The diversity gap at the Academy Awards: Few black winners in award show's 85-year history

theGRIO REPORT - The Oscars air Sunday and according to research, striking information highlights the diversity gap in the Academy Awards since it first formed in 1927...

The biggest night in Hollywood is set to take place this Sunday as the 86th Academy Awards honor the most distinguished individuals in the film industry.

The night also marks the 75th anniversary of Hattie McDaniel taking home the Oscar for best supporting actress in Gone with the Wind – becoming the first African-American in history to win an Academy Award.

However, in the 85 years since the academy was first established, few other African-Americans have been recognized or won.

Infographic breaks down the diversity gap 

According to research conducted by Lee & Low books, striking information highlights the diversity gap in the Academy Awards since it first formed in 1927.

Since its inception, the academy has been dominated by whites males. Overall, the academy consists of  6,000-plus nominated film industry veterans while active members cast votes to determine annual nominees and winners.

Currently, according to Lee & Low, that voting pool is 94 percent white. Of the remaining 6 percent, research shows that 2 percent of the academy is black, less than 2 percent is Latino and less than 1 percent is Asian and Native American.

As for the diversity – or lack thereof – of Oscar winners, only one person of color as ever been awarded the best actress title and that recognition went to Halle Berry in 2002 for her role in Monster’s Ball.

For the best actor category, only 7 percent of the winners have been minority members including Sidney Poitier (1963), Ben Kingsley (1982), Denzel Washington (2001), Jamie Foxx (2004) and Forest Whitaker (2006).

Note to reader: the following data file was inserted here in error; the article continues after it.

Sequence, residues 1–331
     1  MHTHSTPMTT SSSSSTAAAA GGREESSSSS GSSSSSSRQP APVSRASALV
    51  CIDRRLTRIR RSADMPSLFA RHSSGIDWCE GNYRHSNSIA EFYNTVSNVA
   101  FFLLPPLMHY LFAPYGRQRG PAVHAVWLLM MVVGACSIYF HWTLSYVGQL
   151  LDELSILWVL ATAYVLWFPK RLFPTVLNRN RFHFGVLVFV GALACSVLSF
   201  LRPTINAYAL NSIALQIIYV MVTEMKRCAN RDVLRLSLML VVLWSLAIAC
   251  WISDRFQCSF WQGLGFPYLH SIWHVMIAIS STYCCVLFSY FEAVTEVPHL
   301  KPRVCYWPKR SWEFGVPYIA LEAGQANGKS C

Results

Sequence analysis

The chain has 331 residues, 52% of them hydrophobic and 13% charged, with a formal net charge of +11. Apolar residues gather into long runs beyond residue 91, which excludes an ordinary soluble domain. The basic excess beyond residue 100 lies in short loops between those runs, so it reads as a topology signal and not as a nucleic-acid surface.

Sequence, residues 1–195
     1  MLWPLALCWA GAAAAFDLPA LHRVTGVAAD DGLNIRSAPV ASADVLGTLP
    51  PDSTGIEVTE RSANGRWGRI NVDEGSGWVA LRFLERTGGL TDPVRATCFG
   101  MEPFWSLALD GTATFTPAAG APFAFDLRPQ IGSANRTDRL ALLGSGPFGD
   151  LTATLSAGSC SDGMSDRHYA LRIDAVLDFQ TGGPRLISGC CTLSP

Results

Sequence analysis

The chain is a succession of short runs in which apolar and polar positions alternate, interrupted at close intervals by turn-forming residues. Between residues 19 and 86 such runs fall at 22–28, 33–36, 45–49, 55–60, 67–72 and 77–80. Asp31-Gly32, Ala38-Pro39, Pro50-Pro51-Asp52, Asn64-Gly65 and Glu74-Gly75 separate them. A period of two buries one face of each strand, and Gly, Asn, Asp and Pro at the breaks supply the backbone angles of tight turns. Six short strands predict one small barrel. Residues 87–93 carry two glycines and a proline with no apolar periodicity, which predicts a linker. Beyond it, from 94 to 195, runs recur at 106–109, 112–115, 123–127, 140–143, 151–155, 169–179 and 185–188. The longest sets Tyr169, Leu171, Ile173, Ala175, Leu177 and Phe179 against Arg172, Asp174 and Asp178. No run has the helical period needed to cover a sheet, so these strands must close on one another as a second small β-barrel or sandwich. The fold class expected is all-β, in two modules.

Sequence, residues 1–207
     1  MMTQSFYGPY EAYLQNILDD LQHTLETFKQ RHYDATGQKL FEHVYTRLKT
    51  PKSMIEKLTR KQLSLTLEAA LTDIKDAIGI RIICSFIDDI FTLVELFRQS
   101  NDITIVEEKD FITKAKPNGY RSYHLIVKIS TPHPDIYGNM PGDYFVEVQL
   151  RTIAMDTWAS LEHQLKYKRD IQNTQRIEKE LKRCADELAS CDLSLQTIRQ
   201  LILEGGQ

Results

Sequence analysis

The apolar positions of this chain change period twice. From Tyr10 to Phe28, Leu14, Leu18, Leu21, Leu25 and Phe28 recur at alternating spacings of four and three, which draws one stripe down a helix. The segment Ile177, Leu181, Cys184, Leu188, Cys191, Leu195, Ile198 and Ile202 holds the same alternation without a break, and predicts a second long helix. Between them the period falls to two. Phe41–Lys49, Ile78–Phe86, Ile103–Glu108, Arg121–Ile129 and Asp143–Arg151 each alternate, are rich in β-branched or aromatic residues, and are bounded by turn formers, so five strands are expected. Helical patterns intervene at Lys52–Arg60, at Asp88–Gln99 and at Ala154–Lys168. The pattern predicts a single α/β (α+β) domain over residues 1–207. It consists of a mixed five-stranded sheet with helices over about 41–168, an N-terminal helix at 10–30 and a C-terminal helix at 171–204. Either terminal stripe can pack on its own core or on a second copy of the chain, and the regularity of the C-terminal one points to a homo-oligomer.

More nominees, higher chances of winning this year

However, despite the lack of black representation among both Academy members and award winners, the pool of nominees this year offers a promising night for black film and actors.

“The number of nominees for the people of color this year is above the average so I hope some will win and up the numbers,” Hannah Ehrlich, the Director of Marketing & Publicity for Lee & Low, told theGrio.

This year also marks the first time the academy has elected an African-American president and its third woman in its 86 years.

Cheryl Boone Isaacs, who was recognized as a member of theGrio 100 this year, is at the helm of the prestigious organization.

However, despite her election to leading position, she understands that diversifying the academy won’t be a quick fix.

Boone Isaacs also recognizes that the films that debuted this year offer a range of talent and tell a variety of stories that add to the industry’s cultural fabric, telling Reuters that there are “quite a few films that give us a different voice, a more diverse voice.”

Black actors up for Oscar nods this year

Up for Oscar nods this year are Chiwetel Ejiofor (best actor nominee for 12 years a Slave), Lupita Nyong’o (best supporting actress for 12 Years a Slave) Barkhad Abdi (best supporting actor for Captain Phillips) and Steve McQueen (best director for 12 Years a Slave).

12 Years a Slave is also both nominated for best picture — and if McQueen’s film wins in his category, it will be the first time in history that a black director has taken home that coveted award.

The infographic released by Lee & Low is part of their initiative to foster further concentration on the importance of diversity. They have conducted similar research and highlighted their finding in infographics for other big-name award shows including the Emmy and Tony Awards.

“The diversity gap makes people aware of the lack of people of color in publishing, movies, TV and all across the board,” Ehrlich said. “We’re always trying to get people more aware and better understand[ing].”

Click the infographic below to view a large-scale version of the image.

Follow Lilly Workneh on Twitter @Lilly_Works